Curiosity
with Elon Musk
Filmed June 2008

Video Comments

Interactive Transcript

ELON MUSK:

I think, generally, their {other people's} thinking process is too bound by convention or analogy to prior experiences.  So it's very rare that people try to think of something on a first principles basis. They'll say, "We'll do that because it's always been done that way."  Or they'll not do it because, "Well, nobody has ever done that.  So it must not be good."  But that's just a ridiculous way to think.

I mean, you have to build up the reasoning from the ground up from first principles as in the phrase that's used in physics.  So you look at the fundamentals and construct your reasoning from that and then see if you have a conclusion that works or doesn't work.  And it may or may not be different from what people have done in the past.  It's harder to think that way, though.  Sorry.

INTERVIEWER:

Why is it so hard to think that way?  And how have you managed to?  I mean, obviously, you've thought the other way.  How have you broken that path?

ELON MUSK:

I don't know.  I've just always thought that way, I suppose.  I mean, I would always think about something and whether that thing was really true or not.  Could something else be true or is there a better conclusion that one could draw that's more probable? I don't know.  I was doing that when I was in elementary school.  And I would just question things.  Or, maybe, it's sort of built-in [to our nature] to question things.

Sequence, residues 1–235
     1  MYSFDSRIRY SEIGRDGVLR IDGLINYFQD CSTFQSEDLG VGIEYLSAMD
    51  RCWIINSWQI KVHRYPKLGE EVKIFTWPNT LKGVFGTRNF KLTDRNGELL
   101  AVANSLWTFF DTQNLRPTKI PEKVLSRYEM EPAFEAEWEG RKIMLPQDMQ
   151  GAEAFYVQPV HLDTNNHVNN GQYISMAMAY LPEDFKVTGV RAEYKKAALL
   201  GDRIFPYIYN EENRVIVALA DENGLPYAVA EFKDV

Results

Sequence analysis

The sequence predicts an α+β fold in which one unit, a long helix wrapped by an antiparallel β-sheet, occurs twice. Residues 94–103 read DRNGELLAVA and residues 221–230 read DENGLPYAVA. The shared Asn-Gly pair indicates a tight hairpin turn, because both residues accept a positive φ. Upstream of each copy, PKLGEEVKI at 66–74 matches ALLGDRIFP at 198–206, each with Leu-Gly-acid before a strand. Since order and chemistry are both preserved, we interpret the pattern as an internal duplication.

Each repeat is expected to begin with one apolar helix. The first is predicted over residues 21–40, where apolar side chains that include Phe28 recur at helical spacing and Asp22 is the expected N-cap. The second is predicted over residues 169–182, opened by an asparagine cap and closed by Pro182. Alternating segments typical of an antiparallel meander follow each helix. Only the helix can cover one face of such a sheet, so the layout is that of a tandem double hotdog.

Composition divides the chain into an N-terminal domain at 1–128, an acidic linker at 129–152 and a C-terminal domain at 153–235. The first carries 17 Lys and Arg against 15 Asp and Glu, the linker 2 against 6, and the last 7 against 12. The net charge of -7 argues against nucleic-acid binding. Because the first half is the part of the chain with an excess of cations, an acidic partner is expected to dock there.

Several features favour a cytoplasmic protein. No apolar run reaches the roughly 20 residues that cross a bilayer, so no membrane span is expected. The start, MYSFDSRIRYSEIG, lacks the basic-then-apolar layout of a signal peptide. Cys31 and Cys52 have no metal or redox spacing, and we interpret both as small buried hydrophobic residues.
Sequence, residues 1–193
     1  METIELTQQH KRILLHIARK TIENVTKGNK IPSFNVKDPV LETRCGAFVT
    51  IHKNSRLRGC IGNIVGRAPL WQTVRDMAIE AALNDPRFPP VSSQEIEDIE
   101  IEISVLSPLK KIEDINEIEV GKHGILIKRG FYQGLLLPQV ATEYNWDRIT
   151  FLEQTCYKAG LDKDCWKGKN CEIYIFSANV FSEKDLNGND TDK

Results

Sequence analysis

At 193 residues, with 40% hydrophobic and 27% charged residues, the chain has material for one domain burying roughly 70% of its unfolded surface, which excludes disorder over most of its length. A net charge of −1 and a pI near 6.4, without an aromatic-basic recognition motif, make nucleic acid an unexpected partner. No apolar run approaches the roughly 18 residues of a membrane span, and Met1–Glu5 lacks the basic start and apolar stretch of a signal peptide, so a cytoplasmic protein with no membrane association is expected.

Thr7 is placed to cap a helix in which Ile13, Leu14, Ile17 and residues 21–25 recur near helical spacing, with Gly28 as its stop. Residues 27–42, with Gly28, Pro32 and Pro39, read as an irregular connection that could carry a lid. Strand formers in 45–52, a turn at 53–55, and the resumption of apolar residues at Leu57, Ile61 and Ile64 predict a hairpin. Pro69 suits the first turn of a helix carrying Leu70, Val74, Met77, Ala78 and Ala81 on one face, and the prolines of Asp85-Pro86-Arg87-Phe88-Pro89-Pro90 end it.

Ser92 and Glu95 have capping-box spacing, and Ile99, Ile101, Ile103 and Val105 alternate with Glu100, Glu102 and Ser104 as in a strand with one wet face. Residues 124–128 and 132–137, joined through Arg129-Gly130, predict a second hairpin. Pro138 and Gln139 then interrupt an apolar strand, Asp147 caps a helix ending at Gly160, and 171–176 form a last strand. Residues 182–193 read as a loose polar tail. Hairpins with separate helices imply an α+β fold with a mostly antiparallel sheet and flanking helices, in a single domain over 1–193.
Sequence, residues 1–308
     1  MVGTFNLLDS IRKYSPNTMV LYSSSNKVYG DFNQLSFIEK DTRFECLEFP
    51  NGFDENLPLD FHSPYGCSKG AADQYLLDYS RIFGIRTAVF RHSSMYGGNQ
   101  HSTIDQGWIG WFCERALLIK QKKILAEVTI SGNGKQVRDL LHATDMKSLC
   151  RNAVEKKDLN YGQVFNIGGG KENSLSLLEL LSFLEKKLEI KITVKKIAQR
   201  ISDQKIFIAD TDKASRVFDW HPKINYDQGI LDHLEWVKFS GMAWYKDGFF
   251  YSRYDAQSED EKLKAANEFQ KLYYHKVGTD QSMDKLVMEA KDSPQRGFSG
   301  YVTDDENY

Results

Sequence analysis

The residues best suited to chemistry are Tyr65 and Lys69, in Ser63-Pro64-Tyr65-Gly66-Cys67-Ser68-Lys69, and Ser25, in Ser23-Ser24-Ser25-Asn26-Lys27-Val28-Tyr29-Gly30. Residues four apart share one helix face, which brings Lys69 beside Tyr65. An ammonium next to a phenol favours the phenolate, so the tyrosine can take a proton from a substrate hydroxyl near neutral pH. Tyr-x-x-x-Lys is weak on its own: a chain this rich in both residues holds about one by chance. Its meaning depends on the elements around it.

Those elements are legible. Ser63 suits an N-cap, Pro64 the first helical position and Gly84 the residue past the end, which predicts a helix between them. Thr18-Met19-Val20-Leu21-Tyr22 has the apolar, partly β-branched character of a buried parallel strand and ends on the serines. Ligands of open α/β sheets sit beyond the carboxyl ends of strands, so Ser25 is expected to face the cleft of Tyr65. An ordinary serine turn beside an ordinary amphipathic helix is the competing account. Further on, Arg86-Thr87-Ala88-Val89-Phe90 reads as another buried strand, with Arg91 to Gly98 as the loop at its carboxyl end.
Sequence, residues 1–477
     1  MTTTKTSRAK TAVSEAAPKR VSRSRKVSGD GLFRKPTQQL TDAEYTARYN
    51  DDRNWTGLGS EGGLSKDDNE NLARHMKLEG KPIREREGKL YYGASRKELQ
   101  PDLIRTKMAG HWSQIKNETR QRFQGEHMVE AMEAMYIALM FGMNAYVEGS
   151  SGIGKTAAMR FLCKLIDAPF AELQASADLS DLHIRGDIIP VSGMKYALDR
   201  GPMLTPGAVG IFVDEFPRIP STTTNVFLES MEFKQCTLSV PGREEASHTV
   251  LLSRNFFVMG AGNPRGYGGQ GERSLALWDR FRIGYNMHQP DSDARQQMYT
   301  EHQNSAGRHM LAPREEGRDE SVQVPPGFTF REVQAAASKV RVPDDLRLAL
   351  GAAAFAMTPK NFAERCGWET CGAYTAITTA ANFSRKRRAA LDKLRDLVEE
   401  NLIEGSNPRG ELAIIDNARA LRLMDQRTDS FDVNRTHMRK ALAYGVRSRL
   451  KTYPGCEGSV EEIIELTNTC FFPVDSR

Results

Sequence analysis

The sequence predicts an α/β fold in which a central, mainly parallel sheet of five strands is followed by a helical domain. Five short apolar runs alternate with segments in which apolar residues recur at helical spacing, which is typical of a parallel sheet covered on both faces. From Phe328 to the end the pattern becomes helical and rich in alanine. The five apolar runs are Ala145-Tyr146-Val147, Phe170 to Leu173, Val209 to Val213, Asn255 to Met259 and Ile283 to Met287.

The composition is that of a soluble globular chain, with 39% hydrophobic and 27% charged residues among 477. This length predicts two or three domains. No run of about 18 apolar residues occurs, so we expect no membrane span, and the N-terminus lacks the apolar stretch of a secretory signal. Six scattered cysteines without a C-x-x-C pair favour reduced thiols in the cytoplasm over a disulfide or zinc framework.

INTERVIEWER:

I wanna go back to [the] nuts and bolts and PayPal.  Tell me about how Bill...

ELON MUSK:

It would infuriate my parents, by the way.

INTERVIEWER:

I'm sorry, say that again.

ELON MUSK:

It would infuriate my parents.

INTERVIEWER:

That you would think differently about things, or, what?

ELON MUSK:

That I wouldn't just believe them when they said something 'cause I'd ask them why.  And then I'd consider whether that response made sense given everything else I knew.

INTERVIEWER:

Now, you have, what, five kids?  Are any of them doing that back to you?

ELON MUSK:

Yes.  Well, one of them in particular just asks "why" a lot.  He's a master of the chained "why."

INTERVIEWER:

So that whole thing about, you know, you're gonna get where you are to drive you nuts, right, did they tell you that?  "We hope you get a kid just like you?"

ELON MUSK:

Yeah well, you know, inheritability of traits is much greater than I thought.  I mean, I'd assume that in the nature versus nurture, there's much more nurture.  But having had five kids, I think its much more nature.  I mean, what are you?  You're hardware and software, right?

So the difference between one person and the next must either be a hardware difference or a software difference.  And why are kids that may have the exact same background or same school, same everything, get those widely different capabilities.  Yet, they have the same input experiences.  Well, then it must be the hardware that's different.


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